However, even with these modifications and an enhanced understanding, as flights would approach the speed of sound, the plane would shake as the shock waves buffeted it. It seemed that the harder technicians and pilots pushed the planes toward the sound barrier, the more resistance they encountered. Some even thought that in pushing through the sound barrier, the shock waves would crush the plane like an aluminum can. On that eventful day in October 1947, Yeager reported that his plane was shaking violently as he approached Mach 1 (the speed of sound). However, once he “punched through it,” the flight was as smooth as glass.

Take a moment to look at Figure 1.3. This incredible photo captures an F-18 fighter jet hitting Mach 1, the speed of sound. Obviously, sound waves are invisible to the unaided human eye, and the only reason that we can see the plane breaking through the sound barrier is because the shock waves compress the moisture in the air to form this temporary cloud.

Figure 1.3

Figure 1.3 F-18 breaking through the sound barrier.

“Interesting, but what does this have to do with leading change?” you might ask. As I interviewed and observed managers, I consistently found that there seemed to be a natural barrier to change—a brain barrier. Like the sound barrier, the faster a leader tried to push change, the more shock waves of resistance compacted together, forming a massive barrier to change. Instead of a sound barrier, though, leaders confront a “brain barrier” composed of preexisting and successful mental maps. These incredibly powerful maps determine how people see the world of work, guiding their daily steps and behaviors.

The power of these mental maps surprised one of my colleagues several years ago. He was hired as a consultant to help transform a meatpacking factory from an authoritarian top-down management system to a high-involvement participative one. After three days of intensive training focused on the opportunities, challenges, and everyday logistics associated with greater empowerment and self-managed work teams, a burly 300-pound butcher stood up in the back of the room, slammed a meat cleaver into the table, and demanded in no uncertain terms that he still had “a right to have a manager tell me what to do and when to do it.” Clearly, this butcher’s maps of his world at work had not budged an inch. And for significant organizational change to take hold of peoples’ hearts and hands in this meatpacking plant—or anywhere else for that matter—leaders of change must comprehend, break through, and ultimately redraw individual mental maps, one by one, person by person, again and again.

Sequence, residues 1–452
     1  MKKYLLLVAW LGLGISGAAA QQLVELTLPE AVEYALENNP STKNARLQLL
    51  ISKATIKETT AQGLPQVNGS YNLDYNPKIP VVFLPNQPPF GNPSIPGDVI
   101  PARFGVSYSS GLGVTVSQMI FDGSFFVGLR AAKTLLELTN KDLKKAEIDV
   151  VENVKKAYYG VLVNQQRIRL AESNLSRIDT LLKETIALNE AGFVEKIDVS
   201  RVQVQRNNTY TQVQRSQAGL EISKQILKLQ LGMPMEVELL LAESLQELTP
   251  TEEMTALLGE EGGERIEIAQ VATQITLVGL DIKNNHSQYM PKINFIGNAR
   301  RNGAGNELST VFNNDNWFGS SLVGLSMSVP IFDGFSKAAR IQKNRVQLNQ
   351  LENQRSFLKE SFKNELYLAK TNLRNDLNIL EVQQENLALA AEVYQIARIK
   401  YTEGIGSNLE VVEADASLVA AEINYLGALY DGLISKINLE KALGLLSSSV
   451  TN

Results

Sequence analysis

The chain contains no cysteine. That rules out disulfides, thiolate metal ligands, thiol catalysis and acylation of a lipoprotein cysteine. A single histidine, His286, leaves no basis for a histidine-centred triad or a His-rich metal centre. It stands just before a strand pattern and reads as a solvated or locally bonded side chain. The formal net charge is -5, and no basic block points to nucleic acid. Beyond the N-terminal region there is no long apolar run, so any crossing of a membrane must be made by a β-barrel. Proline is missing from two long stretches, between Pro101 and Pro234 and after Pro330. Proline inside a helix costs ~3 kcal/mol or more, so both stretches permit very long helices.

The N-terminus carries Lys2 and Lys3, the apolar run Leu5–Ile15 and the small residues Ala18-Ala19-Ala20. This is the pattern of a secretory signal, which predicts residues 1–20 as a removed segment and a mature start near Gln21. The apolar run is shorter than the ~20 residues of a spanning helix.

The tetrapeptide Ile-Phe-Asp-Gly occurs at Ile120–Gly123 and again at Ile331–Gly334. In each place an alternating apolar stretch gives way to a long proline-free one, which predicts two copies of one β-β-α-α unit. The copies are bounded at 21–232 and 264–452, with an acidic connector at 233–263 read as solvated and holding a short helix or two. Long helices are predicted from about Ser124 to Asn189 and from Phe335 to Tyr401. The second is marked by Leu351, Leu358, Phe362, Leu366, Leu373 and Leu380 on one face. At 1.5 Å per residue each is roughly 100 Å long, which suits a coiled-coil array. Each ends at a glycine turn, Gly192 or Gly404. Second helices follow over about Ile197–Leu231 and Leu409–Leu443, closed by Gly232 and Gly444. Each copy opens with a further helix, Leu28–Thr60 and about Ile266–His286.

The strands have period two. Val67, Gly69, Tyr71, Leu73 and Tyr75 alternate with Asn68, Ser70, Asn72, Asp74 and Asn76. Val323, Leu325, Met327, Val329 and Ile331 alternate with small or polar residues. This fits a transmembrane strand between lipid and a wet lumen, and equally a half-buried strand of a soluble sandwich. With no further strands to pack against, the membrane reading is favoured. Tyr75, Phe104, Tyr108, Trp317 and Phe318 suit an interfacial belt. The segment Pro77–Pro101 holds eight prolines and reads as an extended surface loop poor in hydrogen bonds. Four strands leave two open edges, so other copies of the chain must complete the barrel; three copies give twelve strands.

This brings us to the critical barriers that can block sustainable strategic change. In my work, I have identified not one but three successive barriers to change. The low success rate and conversely high failure rate of change is due in part to the fact that we must break through three strong barriers for ultimate success. I refer to these three barriers as the See, Move, and Finish barriers:

  • See—Even when opportunities or threats stare people in the face, often they fail to see the need to change.
  • Move—Even when they see the need, they frequently still fail to move.
  • Finish—Even when they see the need and start to move, they often fail to finish (that is, not going far or fast enough for the change to ultimately succeed).

Like with the sound barrier, if we can understand the nature of each of these three barriers, we can make the needed adjustments to achieve breakthrough change. As a consequence, in this book I build on past research, as well as interviews and work I have done with literally thousands of managers around the world, to grasp why people fail to see, move, and finish. In addition, I describe the keys to success—the modifications needed to break through each barrier. Although I don’t claim to have all the insights or answers, my journey over the past 25 years has illuminated what I believe you will find to be simple yet powerful and practical concepts and tools. Quite simply, this book reveals the forces behind each barrier to change and describes specific tools and techniques for breaking through.